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Livebearers

Just as the name implies, livebearers are fish that give birth to live, free-swimming young. However, in the aquarium hobby, the term livebearer is commonly used to refer to a specific group of fish belonging to the family Poeciliidae, which is a group of freshwater fish that includes perennial aquarium favorites such as mollies, guppies, and platies.
 
 

Caring for Livebearers

Livebearers can thrive in a variety of water conditions and do well in planted aquariums. Although they are generally peaceful, it is a good idea to keep several pairs of the same species in order to eliminate any potential aggression. Livebearers are omnivores and require both algae- based foods as well as meat-based foods. A varied diet including algae- based flake food, freeze-dried bloodworms, and brine shrimp will offer proper nutrition to a range of different livebearer species. Livebearers have an average life expectancy between 5 and 7 years, allowing owners many opportunities to witness the birth of several generations.
 
Birth of Livebearers

For most people, their first experience with baby fish, referred to as fry, is often through livebearers. Surprisingly, you may discover that the livebearers you brought home have given birth to a small brood. Depending on certain conditions, such as water specifications, temperature, and diet, some livebearers can reproduce as often as every four to eight weeks. You can tell if a female is ready to give birth by her enlarged abdomen or a dark spot located near her anal fin that turns darker as the delivery date nears.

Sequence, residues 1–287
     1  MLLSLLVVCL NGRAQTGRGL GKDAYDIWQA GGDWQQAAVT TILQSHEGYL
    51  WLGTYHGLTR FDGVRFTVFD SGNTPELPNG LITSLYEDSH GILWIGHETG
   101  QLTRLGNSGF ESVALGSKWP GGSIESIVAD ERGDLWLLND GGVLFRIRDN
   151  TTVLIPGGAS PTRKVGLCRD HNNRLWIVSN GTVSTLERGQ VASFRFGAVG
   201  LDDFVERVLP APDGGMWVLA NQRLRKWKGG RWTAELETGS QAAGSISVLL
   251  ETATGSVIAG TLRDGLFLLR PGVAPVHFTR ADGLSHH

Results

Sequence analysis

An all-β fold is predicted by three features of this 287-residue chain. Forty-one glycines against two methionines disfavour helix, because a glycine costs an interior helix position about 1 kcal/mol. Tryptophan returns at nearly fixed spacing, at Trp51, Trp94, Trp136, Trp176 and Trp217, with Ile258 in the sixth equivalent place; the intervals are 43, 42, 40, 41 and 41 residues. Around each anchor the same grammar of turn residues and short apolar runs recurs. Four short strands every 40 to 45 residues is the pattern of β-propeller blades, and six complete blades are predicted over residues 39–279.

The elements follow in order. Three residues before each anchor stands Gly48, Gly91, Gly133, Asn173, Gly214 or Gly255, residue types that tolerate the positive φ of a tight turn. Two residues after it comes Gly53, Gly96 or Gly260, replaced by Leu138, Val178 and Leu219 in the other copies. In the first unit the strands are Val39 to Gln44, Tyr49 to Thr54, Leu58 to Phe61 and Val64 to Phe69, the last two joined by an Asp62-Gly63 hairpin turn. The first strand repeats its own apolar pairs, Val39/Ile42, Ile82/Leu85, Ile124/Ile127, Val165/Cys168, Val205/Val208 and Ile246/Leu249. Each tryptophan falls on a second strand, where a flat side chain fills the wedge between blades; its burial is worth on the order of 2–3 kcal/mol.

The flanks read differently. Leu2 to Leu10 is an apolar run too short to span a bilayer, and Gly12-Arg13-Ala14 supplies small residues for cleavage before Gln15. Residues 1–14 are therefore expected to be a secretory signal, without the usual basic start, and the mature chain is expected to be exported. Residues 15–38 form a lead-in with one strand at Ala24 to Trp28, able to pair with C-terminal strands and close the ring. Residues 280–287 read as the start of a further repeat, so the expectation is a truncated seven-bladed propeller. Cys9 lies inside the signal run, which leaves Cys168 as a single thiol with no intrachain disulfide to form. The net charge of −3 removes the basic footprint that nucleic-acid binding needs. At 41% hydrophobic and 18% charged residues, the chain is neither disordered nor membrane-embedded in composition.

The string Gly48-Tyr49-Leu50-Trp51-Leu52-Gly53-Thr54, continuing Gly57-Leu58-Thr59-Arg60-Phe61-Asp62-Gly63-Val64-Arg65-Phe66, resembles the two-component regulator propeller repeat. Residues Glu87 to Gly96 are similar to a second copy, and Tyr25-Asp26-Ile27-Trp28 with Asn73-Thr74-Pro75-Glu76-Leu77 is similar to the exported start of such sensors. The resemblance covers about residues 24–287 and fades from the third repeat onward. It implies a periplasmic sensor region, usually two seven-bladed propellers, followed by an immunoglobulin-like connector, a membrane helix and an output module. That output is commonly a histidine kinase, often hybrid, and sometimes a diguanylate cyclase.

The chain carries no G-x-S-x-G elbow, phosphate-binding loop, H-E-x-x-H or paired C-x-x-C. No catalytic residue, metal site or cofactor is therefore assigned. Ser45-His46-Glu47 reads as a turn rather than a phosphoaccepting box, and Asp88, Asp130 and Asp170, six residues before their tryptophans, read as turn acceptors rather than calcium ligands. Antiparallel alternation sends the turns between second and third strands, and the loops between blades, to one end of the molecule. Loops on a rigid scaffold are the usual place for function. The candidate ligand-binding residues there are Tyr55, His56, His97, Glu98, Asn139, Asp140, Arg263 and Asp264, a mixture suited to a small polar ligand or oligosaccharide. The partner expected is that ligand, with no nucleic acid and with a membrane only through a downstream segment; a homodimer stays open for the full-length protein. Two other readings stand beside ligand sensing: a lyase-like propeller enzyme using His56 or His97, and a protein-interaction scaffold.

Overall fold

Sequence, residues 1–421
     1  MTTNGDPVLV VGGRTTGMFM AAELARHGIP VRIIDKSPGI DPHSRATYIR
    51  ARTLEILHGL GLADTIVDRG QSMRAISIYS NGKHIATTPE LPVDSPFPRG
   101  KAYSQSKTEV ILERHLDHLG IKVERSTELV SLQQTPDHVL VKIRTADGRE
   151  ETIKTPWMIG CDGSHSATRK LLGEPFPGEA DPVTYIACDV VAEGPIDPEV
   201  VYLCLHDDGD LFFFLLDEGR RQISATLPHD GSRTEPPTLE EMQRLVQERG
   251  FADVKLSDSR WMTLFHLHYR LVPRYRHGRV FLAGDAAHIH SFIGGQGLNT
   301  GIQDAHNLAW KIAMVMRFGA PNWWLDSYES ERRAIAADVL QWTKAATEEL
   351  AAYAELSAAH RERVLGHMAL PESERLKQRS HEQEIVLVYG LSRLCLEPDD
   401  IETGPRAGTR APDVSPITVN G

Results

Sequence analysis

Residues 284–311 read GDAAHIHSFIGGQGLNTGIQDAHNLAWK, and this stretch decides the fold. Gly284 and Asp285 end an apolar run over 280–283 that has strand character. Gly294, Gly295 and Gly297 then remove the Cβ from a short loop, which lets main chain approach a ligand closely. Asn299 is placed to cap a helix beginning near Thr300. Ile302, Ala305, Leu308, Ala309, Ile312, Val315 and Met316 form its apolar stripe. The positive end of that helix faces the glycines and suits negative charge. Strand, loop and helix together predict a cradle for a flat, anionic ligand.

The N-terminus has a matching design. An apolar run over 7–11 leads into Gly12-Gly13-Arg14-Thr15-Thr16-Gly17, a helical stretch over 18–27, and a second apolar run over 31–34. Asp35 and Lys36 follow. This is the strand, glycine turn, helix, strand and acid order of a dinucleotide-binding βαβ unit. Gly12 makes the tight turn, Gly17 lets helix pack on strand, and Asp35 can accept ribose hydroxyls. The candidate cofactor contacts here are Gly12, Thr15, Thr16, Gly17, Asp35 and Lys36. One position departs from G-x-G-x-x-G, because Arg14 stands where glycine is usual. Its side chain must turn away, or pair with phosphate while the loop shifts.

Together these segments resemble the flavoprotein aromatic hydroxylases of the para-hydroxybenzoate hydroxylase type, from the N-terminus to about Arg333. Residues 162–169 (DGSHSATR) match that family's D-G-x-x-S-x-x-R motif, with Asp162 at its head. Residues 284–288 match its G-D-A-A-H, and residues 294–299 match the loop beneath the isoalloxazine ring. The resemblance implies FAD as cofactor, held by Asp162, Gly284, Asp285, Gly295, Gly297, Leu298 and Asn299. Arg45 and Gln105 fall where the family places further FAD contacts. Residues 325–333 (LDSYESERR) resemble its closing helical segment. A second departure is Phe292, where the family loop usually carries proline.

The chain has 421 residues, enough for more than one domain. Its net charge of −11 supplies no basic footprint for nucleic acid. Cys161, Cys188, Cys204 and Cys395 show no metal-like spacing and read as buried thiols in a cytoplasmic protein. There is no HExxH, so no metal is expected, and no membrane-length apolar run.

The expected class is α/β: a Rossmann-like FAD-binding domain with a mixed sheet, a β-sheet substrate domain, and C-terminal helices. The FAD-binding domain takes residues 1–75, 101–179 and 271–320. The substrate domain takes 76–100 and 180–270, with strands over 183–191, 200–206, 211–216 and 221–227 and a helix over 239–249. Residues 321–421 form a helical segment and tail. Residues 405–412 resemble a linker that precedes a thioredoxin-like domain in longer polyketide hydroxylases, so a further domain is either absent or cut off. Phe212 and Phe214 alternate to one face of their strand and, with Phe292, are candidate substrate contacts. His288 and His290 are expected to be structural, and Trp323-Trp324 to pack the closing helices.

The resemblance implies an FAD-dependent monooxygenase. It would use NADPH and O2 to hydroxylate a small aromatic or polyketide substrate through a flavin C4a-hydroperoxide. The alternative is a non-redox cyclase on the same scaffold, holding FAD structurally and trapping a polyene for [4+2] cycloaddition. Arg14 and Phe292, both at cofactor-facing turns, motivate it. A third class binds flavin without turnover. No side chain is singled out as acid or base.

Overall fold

In some cases, certain fish will attempt to make a meal of newly hatched fish. To prevent this from happening, place the pregnant female in a smaller, separate tank until the fish are born. The nursery should also have the same features as any standard aquarium, such as a filtration system, heater and tank decorations. Plants should be left to float because babies will hide at the surface when first born; also, substrate isn't necessary in the nursery tank. After all of the fry have been released, the mother should be removed and returned to the main aquarium.
 

Raising the Young

The offspring should be fed several times a day using quality food, such as baby brine shrimp, baby fish food or quality flake food that is finely ground. Water quality is important, and changes should occur regularly. After 4 to 6 weeks or when the fry are larger than the mouths of adult fish, they can be moved to the main aquarium. Acclimation can be achieved by using water from the established aquarium.

Livebearers are a great type of fish to keep because they provide depth and dimension to fish keeping, provide a fantastic learning experience for both children and adults, and nurture a life-long appreciation for the aquarium hobby.



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